Qui Tam / Medicare Fraud / Healthcare Fraud / Whistleblower
When it comes to healthcare, Southwest Florida boasts an extensive network of hospitals, walk-in clinics, surgery centers, diagnostic and imaging centers, laboratories, out-patient facilities, medical suppliers, nursing homes, pharmacies, physician networks, and provider groups. Unfortunately, in the healthcare industry, Medicare fraud is all too common, and costs the government tens of billions of dollars each year. Employees who complain, or refuse to participate in the fraud, often suffer wrongful terminations.
For these reasons, the government is willing to pay out large rewards to Medicare fraud whistleblowers, known as “relators”. A “relator” is an individual — often a current or former employee — with inside knowledge of Medicare fraud, who alerts the government to the fraud, and is willing to participate in the government’s prosecution of the fraud under the “qui tam” provisions of the federal False Claims Act.
To be a “relator” in a “qui tam” lawsuit, you have special knowledge about the fraud that the public would not have, and the fraud is based on something you saw or observed first-hand. The more money involved, the better. In fact, substantial money should be at issue, meaning that the fraud is systematic, ongoing, and/or longstanding. You also did not plan or initiate the fraud, although you may have been asked to participate in it. You may have even complained about the fraud, or refused to participate in it, only to have your employer reprimand you or terminate your employment.
You should also have something to support your belief. For instance, our clients typically support their claim with a combination of documents, what they have learned, and what others have told them. (Note: You should not obtain any evidence through illegal means.)
Significantly, to obtain the reward money, the whistleblower or “relator” must be the first to file a lawsuit under the “qui tam” provisions of the federal False Claims Act. For this reason, it is critical, that if you have inside knowledge of Medicare fraud, you do not tell anyone else about it, and call us immediately for a confidential and free consultation with an attorney to discuss your situation, and how we may be able to help you.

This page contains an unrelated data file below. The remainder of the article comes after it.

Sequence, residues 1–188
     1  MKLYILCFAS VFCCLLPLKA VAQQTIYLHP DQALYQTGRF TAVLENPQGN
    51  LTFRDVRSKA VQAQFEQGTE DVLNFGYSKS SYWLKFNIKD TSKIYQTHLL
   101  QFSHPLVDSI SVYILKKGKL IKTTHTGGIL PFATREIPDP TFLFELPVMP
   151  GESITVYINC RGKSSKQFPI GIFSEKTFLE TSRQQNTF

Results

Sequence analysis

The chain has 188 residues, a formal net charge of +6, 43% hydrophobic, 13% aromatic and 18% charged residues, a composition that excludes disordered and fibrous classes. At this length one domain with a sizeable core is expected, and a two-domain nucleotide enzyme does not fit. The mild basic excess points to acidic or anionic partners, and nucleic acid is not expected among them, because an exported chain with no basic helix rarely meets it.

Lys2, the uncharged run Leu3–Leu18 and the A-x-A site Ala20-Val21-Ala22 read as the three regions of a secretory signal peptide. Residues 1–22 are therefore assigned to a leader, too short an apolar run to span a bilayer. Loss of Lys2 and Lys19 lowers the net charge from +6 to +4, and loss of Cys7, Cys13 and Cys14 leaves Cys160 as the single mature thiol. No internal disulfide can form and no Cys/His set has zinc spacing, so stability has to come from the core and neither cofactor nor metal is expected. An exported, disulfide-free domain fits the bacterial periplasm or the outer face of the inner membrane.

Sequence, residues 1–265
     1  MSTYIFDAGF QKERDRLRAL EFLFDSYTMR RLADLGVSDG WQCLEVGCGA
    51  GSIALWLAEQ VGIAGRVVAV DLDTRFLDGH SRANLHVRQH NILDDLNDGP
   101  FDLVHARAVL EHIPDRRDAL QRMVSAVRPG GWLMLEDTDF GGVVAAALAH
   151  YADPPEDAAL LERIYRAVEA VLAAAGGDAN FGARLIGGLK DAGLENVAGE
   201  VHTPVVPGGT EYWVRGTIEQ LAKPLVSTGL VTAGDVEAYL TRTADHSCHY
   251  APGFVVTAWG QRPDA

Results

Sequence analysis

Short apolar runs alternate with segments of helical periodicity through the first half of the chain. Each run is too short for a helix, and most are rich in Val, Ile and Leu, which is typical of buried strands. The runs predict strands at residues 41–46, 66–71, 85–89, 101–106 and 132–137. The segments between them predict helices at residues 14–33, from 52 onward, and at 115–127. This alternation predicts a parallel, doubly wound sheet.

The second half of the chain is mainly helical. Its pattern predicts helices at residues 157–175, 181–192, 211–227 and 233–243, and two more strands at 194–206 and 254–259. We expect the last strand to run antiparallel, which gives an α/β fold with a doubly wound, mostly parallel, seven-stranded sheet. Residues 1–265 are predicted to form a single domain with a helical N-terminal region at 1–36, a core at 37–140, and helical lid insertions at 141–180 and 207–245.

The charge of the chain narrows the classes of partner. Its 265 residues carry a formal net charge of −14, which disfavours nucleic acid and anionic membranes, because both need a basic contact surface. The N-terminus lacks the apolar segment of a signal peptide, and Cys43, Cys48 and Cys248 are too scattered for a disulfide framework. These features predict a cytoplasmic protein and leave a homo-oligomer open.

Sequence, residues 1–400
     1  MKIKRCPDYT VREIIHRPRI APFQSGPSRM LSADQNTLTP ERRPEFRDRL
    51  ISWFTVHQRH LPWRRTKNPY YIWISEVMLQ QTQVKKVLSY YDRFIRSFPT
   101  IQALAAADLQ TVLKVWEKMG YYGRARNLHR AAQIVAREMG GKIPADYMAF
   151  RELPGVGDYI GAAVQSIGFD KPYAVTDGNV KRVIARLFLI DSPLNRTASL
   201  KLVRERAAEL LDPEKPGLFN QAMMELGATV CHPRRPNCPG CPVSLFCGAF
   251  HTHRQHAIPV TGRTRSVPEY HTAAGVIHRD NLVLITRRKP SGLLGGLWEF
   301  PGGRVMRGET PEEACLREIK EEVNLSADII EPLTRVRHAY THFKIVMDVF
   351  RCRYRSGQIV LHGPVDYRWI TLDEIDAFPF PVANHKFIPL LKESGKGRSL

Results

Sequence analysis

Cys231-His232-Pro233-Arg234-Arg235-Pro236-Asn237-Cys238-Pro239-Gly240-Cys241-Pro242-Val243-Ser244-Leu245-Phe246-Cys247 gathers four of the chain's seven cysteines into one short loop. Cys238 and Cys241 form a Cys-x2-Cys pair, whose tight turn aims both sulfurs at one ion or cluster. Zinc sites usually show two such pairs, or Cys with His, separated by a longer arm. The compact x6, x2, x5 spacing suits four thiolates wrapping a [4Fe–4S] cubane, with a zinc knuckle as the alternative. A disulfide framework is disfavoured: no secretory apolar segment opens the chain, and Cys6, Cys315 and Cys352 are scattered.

Below is a list of common types of Medicare fraud.
- “Phantom Billing” – Billing for tests not performed.
- Performing inappropriate or unnecessary procedures.
- Charging for equipment/supplies never ordered.
- Billing Medicare/Medicaid for new equipment but providing the patient used equipment.
- Billing Medicare/Medicaid for expensive equipment but providing the patient cheap equipment.
- A drug or equipment supplier completing a Certificate of Medical Necessity (CMN) instead of the physician.
- “Reflex testing” – Automatically running a test whenever the results of some other test fall within a certain range, even though the reflex test was not requested by a physician.
- “Defective Testing” – When a test or part of a test was not performed because of technical trouble (ie: insufficient or destroyed sample, machine malfunction) but is billed for anyway.
- “Code Jamming” – Laboratories inserting or “jamming” fake diagnosis codes to get Medicare/Medicaid coverage.
- Offering free services or supplies in exchange for your Medicare or Medicaid number.
- “Unbundling” – Using two or more Current Procedural Terminology (“CPT”) billing codes instead of one inclusive code for a defined panel where rules and regulations require “bundling” of such claims.
- Submitting multiple bills, in order to obtain a higher reimbursement for tests and services that were performed within a specified time period and which should have been submitted as a single bill.
- “Double Billing” charging more than once for the same service, for example by billing using an individual code and again as part of an automated or bundled set of tests.
- “Up Coding” – Inflating bills by using diagnosis billing codes that indicate the patient experienced medical complications and/or needed more expensive treatments. (eg., billing for complex services when only simple services were performed, billing for brand-named drugs when generic drugs were provided, listing treatment as having been for a more complicated diagnosis than was actually the case.)
- “Phantom Employees” – Expensing employees or hours worked that do not exist.
- “Improper Cost Reports” Submitting false cost reports seeking higher Medicare reimbursements than permitted by actual facts.
- Providing substandard nursing home care and seeking Medicare reimbursement.
- Routinely waiving patient co-payments.
If you or someone you know has knowledge of Medicare fraud, please do not hesitate. Call us immediately for a confidential and free consultation with an experienced attorney. There is no charge for the consultation, and no attorneys’ fees unless you make a financial recovery. The stakes are high. Act now.
We pride ourselves on our service to and our focus on Southwest Florida: Naples, Ft. Myers, Sarasota, Bonita Springs, Estero, Marco Island, Immokalee, Port Charlotte, Punta Gorda, Cape Coral, Lehigh Acres, North Port, Bradenton, Collier County, Lee County, Charlotte County, Manatee County, and Sarasota County. We have convenient offices in Naples, Florida, Ft. Myers, Florida, and Sarasota, Florida. We also accept Qui Tam Whistleblower cases in Central Florida: Tampa, St. Petersburg, Clearwater, Lakeland, Orlando, Pinellas County, Hillsborough County, Pasco County, Polk County, Orange County, and Seminole County.
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